First: let us be incredibly clear that I will always be a hoarder of enormous magnificence… ALWAYS.
I am getting rid of CRAP, not my precious… I am absolutely able to tell the difference; it’s just that I thought I HAD to keep the crap.
Of course, most of my things are not actually crap— the stuff that was good, I donated.
Did I think about having a yard sale/estate sale?
Did I think about selling it all piecemeal on eBay even though that is LITERALLY THE VERY WORST THING I CAN IMAGINE AND THE VERY LAST WAY I WANT TO SPEND ANY OF MY EXISTENCE?
MORE than think about it, I felt I MUST… because I am RESPONSIBLE! These are MY THINGS; I am REQUIRED to dispose of them PROPERLY!
But at some point, all of THE STUFF became so deeply overwhelming that I realized how violently I did not want to deal with it.
The idea of forcing myself to undertake a massively stressful endeavor… to FLOG MYSELF to continue wading through this SWAMP OF CRAP. For literally no reason other than GUILT OVER LEMON SQUEEZERS.*
I finally saw: that is LITERALLY insane.
I finally saw: I am not REQUIRED to torture myself with DISHES.
You can CHOOSE to be DONE with irrelevant noise.
Stress is for IMPORTANT things.
I cannot express how astonishing this is.
WHY DID NO ONE TELL ME?
*Paul once brought me a box of vintage juicers because he enables my hoarding if it is free.
I see now, this is why Marie Kondo wants you to pile— to help your brain get to a place where you consider the simple option of CHOOSING YOUR OWN SANITY, over decades-old-crap to which you have some weird attachment and unspecified guilt.
I did not do it the way she suggests – which is to make a GIANT MESS… But after trying it my way, I see the wisdom of hers; because the more I went through, the more I saw was unwanted. And the more I saw was unwanted, the more I understood that I have not been keeping this stuff because I LOVE it… I am keeping it out of FEAR: fear of regret, fear of making a mistake.
But! Even though I SEE this, I still have a deranged attachment to clothing, circa 2004, that I will not ever wear again but cannot detach from because WHAT IF I NEED THESE SHOES I WOULD FEEL REALLY BAD AND MAD THAT I GOT RID OF THEM SO I SHOULD JUST KEEP THEM FOREVER EVEN THOUGH THEY ARE TACKY.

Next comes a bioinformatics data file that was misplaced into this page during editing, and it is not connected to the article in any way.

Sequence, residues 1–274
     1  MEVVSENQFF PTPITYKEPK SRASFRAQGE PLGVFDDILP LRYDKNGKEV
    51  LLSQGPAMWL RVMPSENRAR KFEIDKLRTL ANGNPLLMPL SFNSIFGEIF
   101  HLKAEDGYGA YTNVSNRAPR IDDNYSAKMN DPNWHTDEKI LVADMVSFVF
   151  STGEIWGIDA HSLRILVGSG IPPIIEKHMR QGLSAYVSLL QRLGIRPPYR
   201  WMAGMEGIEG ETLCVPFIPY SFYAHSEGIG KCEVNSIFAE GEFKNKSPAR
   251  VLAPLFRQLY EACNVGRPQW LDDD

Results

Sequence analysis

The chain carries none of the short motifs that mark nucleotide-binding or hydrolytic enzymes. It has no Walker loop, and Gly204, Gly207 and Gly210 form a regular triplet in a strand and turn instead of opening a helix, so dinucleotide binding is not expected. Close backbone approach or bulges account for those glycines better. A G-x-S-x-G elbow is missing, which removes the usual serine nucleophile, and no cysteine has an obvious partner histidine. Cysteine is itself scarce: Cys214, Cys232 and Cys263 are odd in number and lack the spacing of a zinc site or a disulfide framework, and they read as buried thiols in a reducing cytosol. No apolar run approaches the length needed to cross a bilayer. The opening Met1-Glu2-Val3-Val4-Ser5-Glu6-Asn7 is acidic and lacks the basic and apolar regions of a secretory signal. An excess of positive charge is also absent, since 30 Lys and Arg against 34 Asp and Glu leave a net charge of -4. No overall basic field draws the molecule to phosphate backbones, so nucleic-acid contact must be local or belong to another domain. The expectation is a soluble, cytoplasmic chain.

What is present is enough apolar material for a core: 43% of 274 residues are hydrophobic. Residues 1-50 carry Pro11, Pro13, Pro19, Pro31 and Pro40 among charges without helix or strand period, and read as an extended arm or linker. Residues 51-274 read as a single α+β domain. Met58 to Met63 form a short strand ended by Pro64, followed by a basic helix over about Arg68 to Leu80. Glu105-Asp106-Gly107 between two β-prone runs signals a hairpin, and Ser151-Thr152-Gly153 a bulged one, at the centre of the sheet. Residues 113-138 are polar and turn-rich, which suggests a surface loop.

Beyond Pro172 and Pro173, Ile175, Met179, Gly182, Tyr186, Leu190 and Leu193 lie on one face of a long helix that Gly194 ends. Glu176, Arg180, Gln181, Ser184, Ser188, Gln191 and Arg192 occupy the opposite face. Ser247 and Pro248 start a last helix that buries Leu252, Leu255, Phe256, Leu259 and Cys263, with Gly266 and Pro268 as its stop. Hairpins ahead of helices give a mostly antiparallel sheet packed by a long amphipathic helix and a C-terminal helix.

As MUCH as I do NOT want to pile, I WANT THE NEXT BRAIN PLACE… I want to be DONE with unwanted clutter— >I am not REQUIRED to store guilt and discomfort in my home.
I think I’m going to have to pile.
However, the time to empty all of your closets is not when your partner‘s mother is receiving hospice… an awkward preamble to share with you that Paul’s mother passed… Parkinson’s.
Her decline began four years ago… The last two have been really hard. The last one, frightening. Paul has shouldered an enormous burden— he has been on-call for four years; it is a stratospheric undertaking to be the caregiver.
Watching Paul usher his mother towards death was harrowing, but revelatory. I am in awe of him… he is a human unlike any other. Paul SHOWS UP. And WORKS. Until there is NO MORE WORK… Love is what you DO; words are meaningless.
How is Paul?
He’s doing okay.
He takes a lot of comfort in the time he spent with his mom; especially at the end— he lived there while she was getting hospice… I do not THINK he is going to have a nervous breakdown, but if he does that is fine.
So… that is where we are– re-acclimating to our life. Last night, Paul put up the hammock and we just hung out. He didn’t have to go zoom around in his cape of competence. Mister Cat joined us for the three seconds it took him to determine he does NOT like the earth swinging around under him.
Then we watched Free Solo… which I beyond loved— obsessive. intense. completely ununderstandable to anyone but himself… and actually, this is my last blog post because scratch what I said about Paul, I am going to go live in a van with some mountain dudes.